Shuji Terayama adapted his 1981 film, The Fruits of Passion
, from the eponymous Pauline Reage's sequel to her well regarded book, The Story of O
. However, 'adapted' is used very loosely in this instance, as Terayama uses the opportunity to completely reshape the structure of the novel, and use only it's themes and characters to create a story that is uniquely his. According to the credits, the text of the narration and O's dialogue itself was taken directly from the short novel, but everything else is pure Terayama.
At the end of The Story of O (in both the book and Just Jaeckin's film adaptation), O has surrendered herself completely to Sir Stephen. This film (and the book itself), picks up directly where that story ends: O is under complete control, and completely in love with, Sir Stephen (in this film, played by Klaus Kinski). Sir Stephen and O are now in China sometime during the first half of the 20th century. Sir Stephen takes O to a well regarded brothel run by Madame (played brilliantly by well regarded transvestite Actor/Actress Peter), where she is forced to surrender herself to any customers that desire her. With O being blindly in love with Sir Stephen, and willing to go to the extremes of submission, accepts this.
Once O has taken her place in the brothel, and Sir Stephen has left, Terayama briefly, through a series of vignettes, introduces us to some of the other women at the brothel. There is Aisen, who is convinced that she is a movie star, and that she keeps getting offers for work, and who will only screw her customers if there is a camera in the room. There is also Sakuya, a woman who constantly has a peculiar cough, but rarely does anything about it. Other inhabitants of the brothel include dreamers, midgets, overweight women, and the aforementioned, remarkably enthusiastic Madame.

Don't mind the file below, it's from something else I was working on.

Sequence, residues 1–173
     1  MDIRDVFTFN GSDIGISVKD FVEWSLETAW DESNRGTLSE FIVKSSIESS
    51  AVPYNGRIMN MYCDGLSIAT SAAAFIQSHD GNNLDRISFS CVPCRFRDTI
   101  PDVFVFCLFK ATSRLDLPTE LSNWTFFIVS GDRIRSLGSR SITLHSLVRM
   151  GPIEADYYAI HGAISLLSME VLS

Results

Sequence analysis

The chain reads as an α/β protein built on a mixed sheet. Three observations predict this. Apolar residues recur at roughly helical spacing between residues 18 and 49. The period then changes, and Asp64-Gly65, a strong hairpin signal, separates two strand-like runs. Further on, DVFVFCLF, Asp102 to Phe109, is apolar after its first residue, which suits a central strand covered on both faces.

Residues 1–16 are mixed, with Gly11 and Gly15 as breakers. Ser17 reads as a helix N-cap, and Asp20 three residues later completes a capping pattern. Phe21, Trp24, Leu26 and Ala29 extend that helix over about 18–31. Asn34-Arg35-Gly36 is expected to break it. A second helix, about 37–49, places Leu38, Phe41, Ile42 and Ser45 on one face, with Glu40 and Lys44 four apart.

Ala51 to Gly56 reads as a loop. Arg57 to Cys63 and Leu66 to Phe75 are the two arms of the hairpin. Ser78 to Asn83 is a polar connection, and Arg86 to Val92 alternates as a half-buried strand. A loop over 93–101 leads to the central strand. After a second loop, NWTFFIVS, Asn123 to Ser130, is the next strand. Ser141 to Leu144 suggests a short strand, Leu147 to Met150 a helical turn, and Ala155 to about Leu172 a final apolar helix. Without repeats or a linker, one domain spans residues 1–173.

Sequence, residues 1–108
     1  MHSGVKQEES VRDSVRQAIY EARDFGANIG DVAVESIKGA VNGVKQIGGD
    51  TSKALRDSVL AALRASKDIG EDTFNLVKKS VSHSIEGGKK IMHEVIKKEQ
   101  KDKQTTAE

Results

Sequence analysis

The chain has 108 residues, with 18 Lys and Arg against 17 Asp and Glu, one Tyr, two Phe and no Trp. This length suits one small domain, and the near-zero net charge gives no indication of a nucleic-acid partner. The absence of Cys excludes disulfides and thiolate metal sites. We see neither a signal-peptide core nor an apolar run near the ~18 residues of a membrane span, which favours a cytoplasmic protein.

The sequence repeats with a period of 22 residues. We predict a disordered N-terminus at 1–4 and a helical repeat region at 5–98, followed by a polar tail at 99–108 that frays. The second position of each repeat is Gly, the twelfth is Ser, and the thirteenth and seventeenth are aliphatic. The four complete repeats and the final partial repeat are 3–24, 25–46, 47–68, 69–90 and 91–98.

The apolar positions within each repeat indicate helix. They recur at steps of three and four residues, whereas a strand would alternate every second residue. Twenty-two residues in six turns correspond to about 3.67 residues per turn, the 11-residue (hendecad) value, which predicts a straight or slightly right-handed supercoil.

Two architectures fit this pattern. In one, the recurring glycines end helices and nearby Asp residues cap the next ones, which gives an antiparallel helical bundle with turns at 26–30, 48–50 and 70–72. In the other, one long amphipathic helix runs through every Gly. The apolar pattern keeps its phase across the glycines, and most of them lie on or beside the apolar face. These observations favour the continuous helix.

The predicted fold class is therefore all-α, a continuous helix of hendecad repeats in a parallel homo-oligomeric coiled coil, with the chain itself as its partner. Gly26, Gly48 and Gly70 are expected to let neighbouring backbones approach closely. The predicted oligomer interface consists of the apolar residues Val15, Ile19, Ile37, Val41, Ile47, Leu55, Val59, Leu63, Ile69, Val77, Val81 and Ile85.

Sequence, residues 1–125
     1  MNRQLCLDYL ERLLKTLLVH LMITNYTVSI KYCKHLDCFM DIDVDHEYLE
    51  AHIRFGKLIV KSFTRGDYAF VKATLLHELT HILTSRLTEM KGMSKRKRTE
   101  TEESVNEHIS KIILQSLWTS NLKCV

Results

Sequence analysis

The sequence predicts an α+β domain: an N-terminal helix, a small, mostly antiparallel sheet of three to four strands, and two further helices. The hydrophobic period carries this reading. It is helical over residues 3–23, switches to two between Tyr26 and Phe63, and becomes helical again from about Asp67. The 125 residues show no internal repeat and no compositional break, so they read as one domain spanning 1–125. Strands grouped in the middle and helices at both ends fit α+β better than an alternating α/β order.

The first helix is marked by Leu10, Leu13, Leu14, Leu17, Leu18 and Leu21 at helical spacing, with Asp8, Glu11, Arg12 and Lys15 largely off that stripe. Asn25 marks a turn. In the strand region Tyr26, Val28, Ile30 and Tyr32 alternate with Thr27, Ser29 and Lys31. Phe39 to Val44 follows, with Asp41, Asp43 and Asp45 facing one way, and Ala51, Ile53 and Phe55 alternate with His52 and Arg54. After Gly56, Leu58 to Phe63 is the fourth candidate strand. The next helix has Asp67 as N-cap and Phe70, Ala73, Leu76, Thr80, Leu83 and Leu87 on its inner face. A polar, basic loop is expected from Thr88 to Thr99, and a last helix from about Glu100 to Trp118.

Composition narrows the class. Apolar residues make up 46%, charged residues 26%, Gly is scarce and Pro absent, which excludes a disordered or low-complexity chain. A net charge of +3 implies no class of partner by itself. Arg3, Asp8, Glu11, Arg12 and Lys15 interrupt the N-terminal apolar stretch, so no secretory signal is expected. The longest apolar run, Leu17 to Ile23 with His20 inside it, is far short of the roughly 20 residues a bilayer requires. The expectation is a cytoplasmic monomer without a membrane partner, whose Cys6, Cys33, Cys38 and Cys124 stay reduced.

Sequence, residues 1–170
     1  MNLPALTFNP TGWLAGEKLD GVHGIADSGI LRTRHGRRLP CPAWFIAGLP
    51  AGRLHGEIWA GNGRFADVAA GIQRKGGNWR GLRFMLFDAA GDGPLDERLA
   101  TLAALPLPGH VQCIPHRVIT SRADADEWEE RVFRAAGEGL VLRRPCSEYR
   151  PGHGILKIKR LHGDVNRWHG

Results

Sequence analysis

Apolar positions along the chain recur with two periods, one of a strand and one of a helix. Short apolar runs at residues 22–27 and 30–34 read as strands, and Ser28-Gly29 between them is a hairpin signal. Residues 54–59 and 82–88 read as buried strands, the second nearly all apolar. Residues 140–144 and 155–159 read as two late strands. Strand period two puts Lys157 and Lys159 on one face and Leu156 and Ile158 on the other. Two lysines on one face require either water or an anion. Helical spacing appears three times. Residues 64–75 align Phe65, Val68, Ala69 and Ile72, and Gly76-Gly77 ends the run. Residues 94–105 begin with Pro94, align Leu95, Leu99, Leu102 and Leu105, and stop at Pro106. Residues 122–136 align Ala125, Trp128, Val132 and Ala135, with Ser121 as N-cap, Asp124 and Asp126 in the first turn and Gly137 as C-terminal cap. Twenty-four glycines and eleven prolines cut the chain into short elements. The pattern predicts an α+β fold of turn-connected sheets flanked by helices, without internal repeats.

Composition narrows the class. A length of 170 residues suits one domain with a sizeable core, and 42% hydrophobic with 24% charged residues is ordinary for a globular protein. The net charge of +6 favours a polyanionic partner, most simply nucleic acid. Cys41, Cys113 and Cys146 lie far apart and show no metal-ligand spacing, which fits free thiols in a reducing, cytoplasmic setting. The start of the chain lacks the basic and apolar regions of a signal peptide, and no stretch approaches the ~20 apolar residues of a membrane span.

While O is in the brothel, pining for her lover, Sir Stephen is living with Nathalie, a woman who has no comprehension of O and Sir Stephen's relationship, constantly wanting Sir Stephen to give up the relationship, all the while carping on the relationship itself. Eventually Sir Stephen forces O to watch him and Nathalie make love, but this just proves to O his dedication,as the entire time the two are having sex, Sir Stephen's eyes are fixated on her.
Meanwhile, a young Chinese boy who lives across from the Brothel has fallen in love with O. He joins a group of revolutionaries in order to make enough money to buy O's love. In a subplot that runs throughout the movie (and ties in significantly at the end), attacks are made and eventually the boy is injured. The revolutionary group has some deal made (the specifics are not quite clear, as the dialogue spoken in English is often very hard to understand) with Sir Stephen to finance their weapons for the attack. However, Sir Stephen decides to no longer support their cause, which angers the group, causing them to hold a gun to Sir Stephan's head while the group members steal valuable items from Sir Stephen's house.
Nathalie sees this incident, which causes her to leave Sir Stephen, not wanting anything to do with what she calls a "despicable" man. The same night of Nathalie's departure, the young boy who is in love with O finally gets his money. He buys a new suit and finally enters the brothel. Sir Stephen watches the encounter through slits in the wall.
At first O utterly rejects the boy, caught up with her love of Sir Stephen. She pushes him off the bed when he tries to kiss her, and he falls, landing on the arm he had injured during one of the attacks. Realizing that the boy has suffered much for his love of O, O turns tender towards him, and they kiss, eventually making love.